well as could be expected but was much
fatigued. After it was over and Dr. Doug
las had cleared his throat he faintly whis
pered a few words but they were hardly
articulate. A large and comfortable cot
tage owned by Joseph Drexel has been,
placed at the general's disposal, and is oc
cupied by himself and entire family who
accompany him. Dr. Douglas also has
apartments in the cottage. It is not prob
able that the general will ever leave his
present quarters alive. His condition
seems to be worse than has been made
public and the final end is apparently not
Gen. Grantls first day at Mt. McGregor
was not a favorable one and indicated that
the end is rapidly approaching. He walked
several hundred yards, but it exhausted
him greatly. He attempted to talk several
times but was unable even to whisper in
tellegibly, and finally wrote two letters,
one to his family and one to Dr. Douglas.
They were in the nature of farewell direc
tions. He is constantly growing weaker
and cannot long continue.
On Friday night, June 12th, portions of
Minnesota, Iowa and Wisconsin suffered
from a storm which reached the proportions
of a cyclone. At Minneota, Lyon county,
Minnesota, Mrs. C. W. Gilbert's house was
entirely demolished, killing her eldest son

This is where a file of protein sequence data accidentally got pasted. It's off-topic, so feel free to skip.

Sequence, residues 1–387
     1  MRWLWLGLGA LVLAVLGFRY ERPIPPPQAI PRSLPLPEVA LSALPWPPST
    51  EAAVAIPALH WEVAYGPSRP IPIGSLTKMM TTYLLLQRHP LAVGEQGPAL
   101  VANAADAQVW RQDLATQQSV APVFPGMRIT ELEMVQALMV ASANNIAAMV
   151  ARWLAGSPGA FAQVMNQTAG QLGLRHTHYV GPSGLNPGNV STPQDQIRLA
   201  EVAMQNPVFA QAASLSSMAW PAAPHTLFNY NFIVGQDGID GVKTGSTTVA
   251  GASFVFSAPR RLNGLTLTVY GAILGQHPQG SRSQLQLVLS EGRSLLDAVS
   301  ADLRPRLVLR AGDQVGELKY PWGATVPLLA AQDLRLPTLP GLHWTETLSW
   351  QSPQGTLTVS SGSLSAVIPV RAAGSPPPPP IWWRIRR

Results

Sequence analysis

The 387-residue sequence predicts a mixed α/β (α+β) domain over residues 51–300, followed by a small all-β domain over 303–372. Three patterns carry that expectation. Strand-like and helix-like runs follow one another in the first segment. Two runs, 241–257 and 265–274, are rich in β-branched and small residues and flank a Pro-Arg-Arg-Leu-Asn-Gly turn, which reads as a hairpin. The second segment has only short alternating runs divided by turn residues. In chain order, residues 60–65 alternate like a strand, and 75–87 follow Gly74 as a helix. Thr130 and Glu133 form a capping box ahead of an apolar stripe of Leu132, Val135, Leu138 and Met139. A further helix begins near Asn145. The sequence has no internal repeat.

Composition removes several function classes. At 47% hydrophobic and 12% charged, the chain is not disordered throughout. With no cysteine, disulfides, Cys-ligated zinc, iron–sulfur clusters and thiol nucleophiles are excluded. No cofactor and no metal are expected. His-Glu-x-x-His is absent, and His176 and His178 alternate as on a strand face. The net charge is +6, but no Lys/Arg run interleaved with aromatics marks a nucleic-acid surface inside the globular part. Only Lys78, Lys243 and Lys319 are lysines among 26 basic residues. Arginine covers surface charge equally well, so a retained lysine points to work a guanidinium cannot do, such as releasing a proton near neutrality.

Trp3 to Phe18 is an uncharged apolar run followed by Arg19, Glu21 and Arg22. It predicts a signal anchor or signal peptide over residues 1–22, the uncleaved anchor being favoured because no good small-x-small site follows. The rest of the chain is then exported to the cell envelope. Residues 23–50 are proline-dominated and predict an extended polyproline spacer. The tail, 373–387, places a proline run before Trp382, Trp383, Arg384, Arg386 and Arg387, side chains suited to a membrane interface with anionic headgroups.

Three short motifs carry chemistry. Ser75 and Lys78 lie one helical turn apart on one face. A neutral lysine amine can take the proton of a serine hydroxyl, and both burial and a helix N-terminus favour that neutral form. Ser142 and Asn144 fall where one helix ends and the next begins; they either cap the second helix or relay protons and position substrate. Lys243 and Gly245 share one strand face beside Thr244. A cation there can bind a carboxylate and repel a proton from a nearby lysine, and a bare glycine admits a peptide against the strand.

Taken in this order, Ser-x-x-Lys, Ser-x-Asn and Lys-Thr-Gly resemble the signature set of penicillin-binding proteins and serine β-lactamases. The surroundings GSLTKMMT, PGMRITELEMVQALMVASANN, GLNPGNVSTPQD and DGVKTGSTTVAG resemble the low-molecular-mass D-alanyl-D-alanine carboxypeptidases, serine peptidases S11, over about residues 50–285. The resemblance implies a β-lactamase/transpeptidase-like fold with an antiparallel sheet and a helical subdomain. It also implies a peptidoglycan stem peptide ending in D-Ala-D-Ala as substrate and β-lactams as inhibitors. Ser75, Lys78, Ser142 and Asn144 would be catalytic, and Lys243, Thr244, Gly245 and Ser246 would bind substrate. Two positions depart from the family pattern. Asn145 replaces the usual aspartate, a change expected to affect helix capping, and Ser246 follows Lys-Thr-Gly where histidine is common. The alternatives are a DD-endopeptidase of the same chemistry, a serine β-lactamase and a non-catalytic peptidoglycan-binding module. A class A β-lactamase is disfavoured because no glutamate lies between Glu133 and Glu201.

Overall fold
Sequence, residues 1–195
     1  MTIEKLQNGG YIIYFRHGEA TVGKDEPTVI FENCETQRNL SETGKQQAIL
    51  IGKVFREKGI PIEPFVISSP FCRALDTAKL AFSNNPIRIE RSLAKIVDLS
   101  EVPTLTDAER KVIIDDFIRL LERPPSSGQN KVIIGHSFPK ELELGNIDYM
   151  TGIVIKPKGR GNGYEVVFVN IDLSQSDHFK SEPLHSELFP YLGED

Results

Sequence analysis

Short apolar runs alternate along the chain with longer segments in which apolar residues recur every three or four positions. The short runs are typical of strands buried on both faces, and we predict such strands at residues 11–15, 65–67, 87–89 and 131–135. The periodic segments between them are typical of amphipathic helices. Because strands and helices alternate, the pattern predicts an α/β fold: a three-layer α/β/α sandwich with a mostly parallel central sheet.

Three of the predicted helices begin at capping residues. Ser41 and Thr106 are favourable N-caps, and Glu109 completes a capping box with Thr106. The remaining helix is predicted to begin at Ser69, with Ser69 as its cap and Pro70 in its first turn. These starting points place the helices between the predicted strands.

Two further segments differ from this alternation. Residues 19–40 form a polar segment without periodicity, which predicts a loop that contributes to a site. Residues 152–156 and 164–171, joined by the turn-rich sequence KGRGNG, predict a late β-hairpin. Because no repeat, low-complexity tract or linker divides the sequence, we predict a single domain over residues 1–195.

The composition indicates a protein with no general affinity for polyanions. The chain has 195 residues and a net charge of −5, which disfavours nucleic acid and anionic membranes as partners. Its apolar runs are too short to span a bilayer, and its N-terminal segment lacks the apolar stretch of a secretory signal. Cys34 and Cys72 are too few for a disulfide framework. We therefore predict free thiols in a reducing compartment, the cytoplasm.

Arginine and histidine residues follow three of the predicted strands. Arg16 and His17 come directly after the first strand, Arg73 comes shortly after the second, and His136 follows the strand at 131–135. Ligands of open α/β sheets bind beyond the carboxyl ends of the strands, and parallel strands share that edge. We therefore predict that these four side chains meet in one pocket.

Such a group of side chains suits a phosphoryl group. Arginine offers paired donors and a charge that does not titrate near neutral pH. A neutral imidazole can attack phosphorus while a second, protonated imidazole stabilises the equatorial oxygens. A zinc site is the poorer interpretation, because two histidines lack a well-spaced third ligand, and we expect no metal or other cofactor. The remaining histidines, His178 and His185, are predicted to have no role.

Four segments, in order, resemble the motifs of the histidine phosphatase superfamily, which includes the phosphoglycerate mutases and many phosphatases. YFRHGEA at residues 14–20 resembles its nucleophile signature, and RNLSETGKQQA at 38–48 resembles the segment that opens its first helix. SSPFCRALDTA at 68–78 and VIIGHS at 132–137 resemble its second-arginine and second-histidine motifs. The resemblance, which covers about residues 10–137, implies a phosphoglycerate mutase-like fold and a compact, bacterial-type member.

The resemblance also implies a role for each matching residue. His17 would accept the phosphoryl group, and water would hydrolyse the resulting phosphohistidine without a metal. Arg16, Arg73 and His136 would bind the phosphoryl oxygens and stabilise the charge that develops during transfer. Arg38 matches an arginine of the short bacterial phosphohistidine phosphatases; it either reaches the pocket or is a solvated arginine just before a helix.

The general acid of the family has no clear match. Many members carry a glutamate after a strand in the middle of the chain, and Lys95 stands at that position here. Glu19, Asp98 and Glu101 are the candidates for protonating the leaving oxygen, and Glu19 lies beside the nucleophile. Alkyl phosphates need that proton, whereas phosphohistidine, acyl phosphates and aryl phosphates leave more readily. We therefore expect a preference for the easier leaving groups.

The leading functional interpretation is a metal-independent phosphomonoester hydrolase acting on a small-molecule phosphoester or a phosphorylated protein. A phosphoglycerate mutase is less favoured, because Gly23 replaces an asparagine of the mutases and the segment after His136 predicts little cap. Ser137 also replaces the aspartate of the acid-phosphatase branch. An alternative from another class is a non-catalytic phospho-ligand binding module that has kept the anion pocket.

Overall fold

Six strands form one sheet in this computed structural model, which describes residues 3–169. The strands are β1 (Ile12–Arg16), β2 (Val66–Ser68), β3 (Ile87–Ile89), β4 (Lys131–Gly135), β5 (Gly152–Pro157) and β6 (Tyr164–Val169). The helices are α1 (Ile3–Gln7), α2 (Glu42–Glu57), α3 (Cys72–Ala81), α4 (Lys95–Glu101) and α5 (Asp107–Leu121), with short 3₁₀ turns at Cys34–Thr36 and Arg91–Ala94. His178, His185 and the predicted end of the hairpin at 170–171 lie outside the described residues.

aged ten years and fatally injuring the
youngest aged two years. Mrs. Gilbert and
three other children were severely cut and
bruised. The storm was especially severe
in Yellow Medicine county, Minnesota. At
Appleton, Wis., Edward M. Gowell, of
Stephensville, Wis., was struck and in
stantly killed by lightning. At Chippewa
Falls, Wis., the storm was very severe many
buildings being struck by lightning among
them the barn of John Robinson which was
completely destroyed. At Council Bluffs,
Iowa., the roof of the deaf and dumb insti
tute was torn off and carried 600 feet.
James Smith while driving near a lake was
blowninto the water and his horses drowned.
Many other casualties are reported in the
same region. At Waterloo, Iowa, the fe
male seminary was unroofed, and the Wa
terloo college in course of construction was
destroyed. Numerous other buildings were
damaged. At Cedar Falls, Iowa., the Nor
mal School was unroofed. At Ruthven
Victor, Coon Rapids, Marshalltown, Fort
Dodge, Pulaski and many other points great
damage was done and many were injured.
A second great storm struck Iowa, and
a portion of Minnesota during Sunday
night, the 14th, Rochester, Winona, Lanes
boro, Owatonna, Aus^n, Gjanite Fails and
Stillwater are among the points in Min
nesota which report considerable damage
from wind and rain, but no fatalities.
At Sioux City, Iowa, it was a regular
cyclone, unroofing many buildings and
absolutely demolishing some. Whiting,
a small village 30 miles south of Sioux
City was totally destroyed. The loss
in that region is reported at $200,000.